Model descriptions

To link public holidays with Rt, we used a log-linear type model as below:
(1)
Rt=R*expa*ht+b*mt+c*et
In this formula, R(t) is the effective reproduction number at a calendar date t, R is the reproduction number at baseline and acts as a scaling factor constant, h(t) represents a dichotomous variable indicating consecutive public holidays, m(t) represents the percentage of change in Google mobility on day t, and e(t) represents a dichotomous variable adjusting for whether the government declared the state of emergency on day t. The parameters a, b, and c are estimated using the maximum likelihood method. We tested 5 possible models: model 1 (state of emergency+raw mobility), model 2 (state of emergency+adjusted mobility), model 3 (state of emergency+holiday), model 4 (state of emergency+raw mobility+ holiday), and model 5 (state of emergency+adjusted mobility+ holiday). In model 1, we used the state of emergency and raw mobility to explain changes in Rt, expecting a positive association between mobility and transmission, and a negative association between the state of emergency and transmission. In model 2, we replaced the raw mobility data with adjusted mobility data that eliminated holiday-caused peaks from mobility. In model 3, we only included state of emergency and holiday to explain changes in Rt. We then considered using models 4 and 5, which included the state of emergency, public holidays, and either raw mobility or adjusted mobility. These 5 models were designed to capture different causal pathways of the effects of holidays on influencing transmission dynamics: model 1 focused on the indirect effect on transmission as mediated by mobility, model 2 explored the possibility that holidays would have no effect on transmission at all, model 3 focused on the direct effect of holidays on transmission without adjusting for mobility, model 4 explored the direct and indirect effects of holidays on transmission, with the indirect effect mediated by mobility, and model 5 concentrated on the direct effect of holidays on transmission, adjusting for general trends in mobility. Maximum likelihood estimation was performed to estimate parameters, and the 95% confidence intervals (CIs) for each parameter were derived from the parametric bootstrap method (i.e., a Laplace approximation normal distribution from 10,000 samples). We assumed that the distribution of confirmed cases was sufficiently captured by a Poisson distribution, and the likelihood function was:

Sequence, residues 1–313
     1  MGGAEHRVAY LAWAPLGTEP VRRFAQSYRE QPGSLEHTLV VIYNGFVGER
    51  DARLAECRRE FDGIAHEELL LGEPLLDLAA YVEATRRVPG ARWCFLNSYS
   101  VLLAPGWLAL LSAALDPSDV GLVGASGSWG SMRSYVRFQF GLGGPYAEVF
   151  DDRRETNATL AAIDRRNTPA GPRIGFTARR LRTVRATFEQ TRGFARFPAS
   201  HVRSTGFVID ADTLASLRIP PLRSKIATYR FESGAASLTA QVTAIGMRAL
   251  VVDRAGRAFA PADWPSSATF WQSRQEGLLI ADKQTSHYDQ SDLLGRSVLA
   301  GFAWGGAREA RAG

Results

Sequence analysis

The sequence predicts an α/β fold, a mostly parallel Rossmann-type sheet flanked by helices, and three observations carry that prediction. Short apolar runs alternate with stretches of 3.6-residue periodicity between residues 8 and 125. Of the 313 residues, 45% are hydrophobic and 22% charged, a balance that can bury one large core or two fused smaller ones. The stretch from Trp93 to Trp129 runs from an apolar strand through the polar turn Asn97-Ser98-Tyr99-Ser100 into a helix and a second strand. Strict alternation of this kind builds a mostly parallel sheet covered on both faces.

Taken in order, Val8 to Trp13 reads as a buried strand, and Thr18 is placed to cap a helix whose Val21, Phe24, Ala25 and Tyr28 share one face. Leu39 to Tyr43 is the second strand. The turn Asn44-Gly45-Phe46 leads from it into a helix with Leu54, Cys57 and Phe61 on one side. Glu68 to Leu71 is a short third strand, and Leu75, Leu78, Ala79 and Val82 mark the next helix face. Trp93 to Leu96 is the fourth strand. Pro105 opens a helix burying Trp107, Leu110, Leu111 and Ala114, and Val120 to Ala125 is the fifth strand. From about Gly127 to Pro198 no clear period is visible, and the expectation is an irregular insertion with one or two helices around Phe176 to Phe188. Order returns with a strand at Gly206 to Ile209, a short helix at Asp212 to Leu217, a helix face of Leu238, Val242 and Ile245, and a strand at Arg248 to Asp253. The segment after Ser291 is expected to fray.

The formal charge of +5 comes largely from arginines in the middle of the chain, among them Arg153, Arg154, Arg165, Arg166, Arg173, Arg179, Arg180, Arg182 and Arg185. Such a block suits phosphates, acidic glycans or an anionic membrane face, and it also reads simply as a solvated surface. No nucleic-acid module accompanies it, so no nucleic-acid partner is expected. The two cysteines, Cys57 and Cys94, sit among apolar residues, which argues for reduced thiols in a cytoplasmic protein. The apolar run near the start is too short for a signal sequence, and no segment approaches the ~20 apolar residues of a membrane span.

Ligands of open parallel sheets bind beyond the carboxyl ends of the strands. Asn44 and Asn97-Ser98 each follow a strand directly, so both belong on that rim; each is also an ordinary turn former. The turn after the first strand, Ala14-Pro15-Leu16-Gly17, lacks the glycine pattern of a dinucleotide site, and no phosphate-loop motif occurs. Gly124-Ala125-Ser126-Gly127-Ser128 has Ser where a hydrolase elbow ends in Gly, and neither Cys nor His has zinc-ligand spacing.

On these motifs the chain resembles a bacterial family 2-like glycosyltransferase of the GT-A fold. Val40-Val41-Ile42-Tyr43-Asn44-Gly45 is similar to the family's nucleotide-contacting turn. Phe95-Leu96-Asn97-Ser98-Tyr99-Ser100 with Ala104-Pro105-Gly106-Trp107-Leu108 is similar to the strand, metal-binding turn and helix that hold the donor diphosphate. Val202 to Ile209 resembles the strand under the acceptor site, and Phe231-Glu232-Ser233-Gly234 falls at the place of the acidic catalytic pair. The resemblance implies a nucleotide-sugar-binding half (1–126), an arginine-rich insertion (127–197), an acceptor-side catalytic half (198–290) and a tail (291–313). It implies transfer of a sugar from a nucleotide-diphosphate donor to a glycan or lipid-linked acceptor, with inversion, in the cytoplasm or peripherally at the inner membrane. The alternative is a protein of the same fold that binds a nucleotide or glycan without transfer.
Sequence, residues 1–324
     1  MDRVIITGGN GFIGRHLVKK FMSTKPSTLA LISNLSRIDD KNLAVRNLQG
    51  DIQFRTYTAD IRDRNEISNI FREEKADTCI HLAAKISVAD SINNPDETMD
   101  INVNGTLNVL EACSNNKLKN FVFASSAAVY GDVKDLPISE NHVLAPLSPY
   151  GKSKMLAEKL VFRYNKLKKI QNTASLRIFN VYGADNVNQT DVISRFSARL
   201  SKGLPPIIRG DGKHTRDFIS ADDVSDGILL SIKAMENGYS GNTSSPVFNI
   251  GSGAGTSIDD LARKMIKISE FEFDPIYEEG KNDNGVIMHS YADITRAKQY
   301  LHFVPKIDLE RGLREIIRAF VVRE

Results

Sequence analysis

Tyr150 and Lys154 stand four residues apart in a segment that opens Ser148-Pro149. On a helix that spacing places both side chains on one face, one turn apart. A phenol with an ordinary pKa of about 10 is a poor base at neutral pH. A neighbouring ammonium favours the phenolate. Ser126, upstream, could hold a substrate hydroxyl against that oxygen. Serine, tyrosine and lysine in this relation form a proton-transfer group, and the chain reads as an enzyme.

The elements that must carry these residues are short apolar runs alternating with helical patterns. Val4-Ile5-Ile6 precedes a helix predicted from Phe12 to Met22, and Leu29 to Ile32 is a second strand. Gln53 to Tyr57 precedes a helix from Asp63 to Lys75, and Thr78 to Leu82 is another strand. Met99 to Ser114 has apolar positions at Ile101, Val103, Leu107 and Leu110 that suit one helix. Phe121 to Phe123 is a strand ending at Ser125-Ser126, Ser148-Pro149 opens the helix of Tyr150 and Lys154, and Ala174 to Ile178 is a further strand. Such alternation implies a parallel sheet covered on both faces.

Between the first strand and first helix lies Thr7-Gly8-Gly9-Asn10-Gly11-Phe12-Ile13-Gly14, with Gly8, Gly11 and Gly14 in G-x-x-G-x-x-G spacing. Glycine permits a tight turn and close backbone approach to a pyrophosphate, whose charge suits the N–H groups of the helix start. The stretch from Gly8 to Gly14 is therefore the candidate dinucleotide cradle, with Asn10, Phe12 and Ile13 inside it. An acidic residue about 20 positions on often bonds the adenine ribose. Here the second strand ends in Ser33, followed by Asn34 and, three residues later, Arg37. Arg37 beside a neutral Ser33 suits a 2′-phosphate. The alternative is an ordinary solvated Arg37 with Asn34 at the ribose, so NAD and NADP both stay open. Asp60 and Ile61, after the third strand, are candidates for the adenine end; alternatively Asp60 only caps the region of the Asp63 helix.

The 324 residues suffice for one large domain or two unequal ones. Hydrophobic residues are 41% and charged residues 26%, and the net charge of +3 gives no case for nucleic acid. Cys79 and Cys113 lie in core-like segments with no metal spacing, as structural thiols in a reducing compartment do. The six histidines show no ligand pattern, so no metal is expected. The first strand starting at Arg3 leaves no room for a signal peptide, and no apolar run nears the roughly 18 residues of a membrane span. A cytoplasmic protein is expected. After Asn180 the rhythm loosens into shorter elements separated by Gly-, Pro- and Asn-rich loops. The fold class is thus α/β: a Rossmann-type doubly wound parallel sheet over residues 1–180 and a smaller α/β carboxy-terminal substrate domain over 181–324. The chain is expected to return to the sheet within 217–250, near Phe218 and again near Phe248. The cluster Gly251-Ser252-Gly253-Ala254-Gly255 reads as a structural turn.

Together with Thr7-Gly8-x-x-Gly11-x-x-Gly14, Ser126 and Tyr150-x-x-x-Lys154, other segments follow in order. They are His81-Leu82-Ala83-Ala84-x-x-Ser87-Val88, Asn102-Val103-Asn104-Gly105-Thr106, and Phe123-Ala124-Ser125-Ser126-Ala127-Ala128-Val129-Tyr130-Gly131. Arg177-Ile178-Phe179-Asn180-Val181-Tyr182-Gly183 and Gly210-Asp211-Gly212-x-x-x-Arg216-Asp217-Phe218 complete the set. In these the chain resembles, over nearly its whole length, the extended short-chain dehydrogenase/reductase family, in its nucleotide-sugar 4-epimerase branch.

(2)
Lit=t=1TEitttexp-Eitit!